How about education?  And I’m not talking about teaching kids abstinence, for crying out loud.  How about affordable access to birth control for everyone?  How about affordable health care for everyone?  How about affordable, accessible child care?  And in the case of Down syndrome, how about a change in the way we see people with Down syndrome, and the way Down syndrome is portrayed to expectant parents?

Those are the things that will lower abortion rates – not legislation.  Because the truth is, anyone who wants an abortion badly enough will find a way to have one.

27

Hostile World

It seems to be a dark time for Down syndrome.  Lots of bad shit happening.  And maybe it’s really nothing new – in fact, it’s not, because throughout history, people with Down syndrome have been subjected to unspeakable abuse, neglect, discrimination, and cruelty.  The cruelty nowadays comes under different guises than it used to, but it’s still going on, and thanks to the prolific media, social and otherwise, stories abound.

***

Last week there was this story which alleges that a teacher was discovered to have visited some terrible abuse on a little girl with Down syndrome in her special education classroom.  I wanted to verify the story outside of the mom’s blog, and sadly, a Google search of “teacher abuse student with special needs” turns up a flurry of stories.  This shit is pretty prevalent, apparently.  And it’s one of my most gut-wrenching fears – that someone will harm Finn and he won’t be able to protect himself or to tell me.

***

Have you heard about Robert Ethan Saylor?  His story is creating tidal waves in the Down syndrome community.  In short, he was a 26-year old man with Down syndrome who, back in January, went to a local shopping mall with his caregiver to see Zero Dark Thirty.  When the movie was over, his caregiver went to get the car, leaving Saylor, I believe, in the lobby of the movie theater to wait.  Saylor decided he wanted to see the movie again, so he returned to the theater without buying another ticket.  Theater personnel attempted to get him to leave or buy another ticket, and he refused.  Mall security was called – they were off-duty police officers moonlighting as security guards.  Somehow, the situation escalated to the point of Saylor ending up face down on the ground, handcuffed.  He died there, of what the coroner later deemed “positional asphyxiation.”  His death, however, has been officially blamed on Saylor’s Down syndrome, not on the officers who placed him in the position that resulted in his death.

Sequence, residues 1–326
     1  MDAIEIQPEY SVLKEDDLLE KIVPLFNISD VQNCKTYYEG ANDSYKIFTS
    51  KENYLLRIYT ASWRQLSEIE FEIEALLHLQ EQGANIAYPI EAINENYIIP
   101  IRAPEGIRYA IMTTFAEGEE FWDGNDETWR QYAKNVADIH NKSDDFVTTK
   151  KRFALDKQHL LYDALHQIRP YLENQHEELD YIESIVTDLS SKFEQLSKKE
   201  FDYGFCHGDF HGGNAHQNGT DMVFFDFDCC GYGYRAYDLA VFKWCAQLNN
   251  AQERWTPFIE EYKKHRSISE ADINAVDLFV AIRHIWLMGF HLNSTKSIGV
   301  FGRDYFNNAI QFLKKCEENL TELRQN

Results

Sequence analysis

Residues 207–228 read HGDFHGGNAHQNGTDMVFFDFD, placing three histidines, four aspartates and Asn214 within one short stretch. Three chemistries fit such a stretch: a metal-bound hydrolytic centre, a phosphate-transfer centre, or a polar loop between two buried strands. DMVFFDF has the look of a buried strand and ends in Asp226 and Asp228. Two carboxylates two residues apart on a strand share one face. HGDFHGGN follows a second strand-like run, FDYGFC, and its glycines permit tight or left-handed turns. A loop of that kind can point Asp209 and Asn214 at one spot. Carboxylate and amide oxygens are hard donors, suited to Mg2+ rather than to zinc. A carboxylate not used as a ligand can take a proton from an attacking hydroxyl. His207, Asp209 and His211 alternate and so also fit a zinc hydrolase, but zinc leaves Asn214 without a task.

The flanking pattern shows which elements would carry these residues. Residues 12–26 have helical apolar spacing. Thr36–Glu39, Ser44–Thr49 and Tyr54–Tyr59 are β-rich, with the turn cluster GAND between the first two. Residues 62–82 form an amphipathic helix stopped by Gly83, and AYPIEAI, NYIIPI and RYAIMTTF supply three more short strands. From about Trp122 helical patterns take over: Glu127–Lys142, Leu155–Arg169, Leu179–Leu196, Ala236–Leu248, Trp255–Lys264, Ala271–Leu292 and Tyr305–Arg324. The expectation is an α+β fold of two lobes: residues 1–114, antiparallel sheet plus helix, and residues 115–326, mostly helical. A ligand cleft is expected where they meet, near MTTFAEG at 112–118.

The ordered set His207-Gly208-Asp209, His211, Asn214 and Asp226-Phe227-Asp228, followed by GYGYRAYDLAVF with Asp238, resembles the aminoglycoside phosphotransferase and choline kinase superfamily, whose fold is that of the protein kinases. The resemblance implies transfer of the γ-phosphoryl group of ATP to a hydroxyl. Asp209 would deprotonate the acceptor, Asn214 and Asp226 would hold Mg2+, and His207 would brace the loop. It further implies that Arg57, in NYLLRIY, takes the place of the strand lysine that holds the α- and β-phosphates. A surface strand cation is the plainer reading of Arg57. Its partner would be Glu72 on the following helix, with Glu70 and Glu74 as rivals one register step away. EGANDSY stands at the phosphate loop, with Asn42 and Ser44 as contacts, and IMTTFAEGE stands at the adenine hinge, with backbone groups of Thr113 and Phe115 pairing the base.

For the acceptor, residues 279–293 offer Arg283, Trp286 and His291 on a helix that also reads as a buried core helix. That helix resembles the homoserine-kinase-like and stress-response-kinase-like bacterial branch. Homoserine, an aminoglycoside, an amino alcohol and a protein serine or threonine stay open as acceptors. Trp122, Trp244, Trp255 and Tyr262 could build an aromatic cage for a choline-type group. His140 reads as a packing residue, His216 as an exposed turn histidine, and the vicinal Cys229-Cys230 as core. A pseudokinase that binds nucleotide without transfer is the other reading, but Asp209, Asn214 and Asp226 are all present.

The story is troubling for a number of reasons.  First of all, a person died.  A 26-year old man lost his life over a lousy movie ticket.  It seems apparent that the officers were not trained in dealing with persons with intellectual disabilities.  If they had, the situation surely would have been dealt with differently, and the story would have ended differently.  Also troubling is the fact that there has been very little – if any – outrage outside of the Down syndrome community.  Had this been a 26-year old man without a disability – without Down syndrome – I would bet my life that the level of outrage would be multiplied ten-fold.  Also disturbing is the fact that an internal investigation within the police department that employs the officers involved found no wrongdoing, and although the coroner deemed Saylor’s death a homicide, a grand jury has decided not to pursue criminal charges against the officers.

It’s like Saylor’s was a throwaway life.  A disposable life.  After all, he had Down syndrome.  What value did he have, except maybe to his family?  It’s crossed my mind to wonder if on some deep level, people think of it as an abortion that just happened 26+ years late.

***

A few days ago, I was asked by an acquaintance who works as a tissue broker (that is, he deals in human tissue for research) if there might be anyone in my Down syndrome contacts who would be willing to donate a small blood sample for a client of his that is undertaking a research project pertaining to Down syndrome.  There was a part of me that hoped that the research might be on the order of better understanding Down syndrome and/or bettering the lives of people with Down syndrome.  But I suspected that it probably had more to do with preventing Down syndrome.  This suspicion was confirmed when I asked what the research was and was told that the client is a company that is in the process of developing a new “diagnostic” test for Down syndrome.  A prenatal diagnostic test.  I felt sick to my stomach at that moment.  “How fucked up is that?” I asked myself.  “That in order to develop a test to prevent Down syndrome, they need a person with Down syndrome to contribute to the endeavor by donating a little blood.”  I told him no, I don’t know anyone who would be willing to contribute to such a project.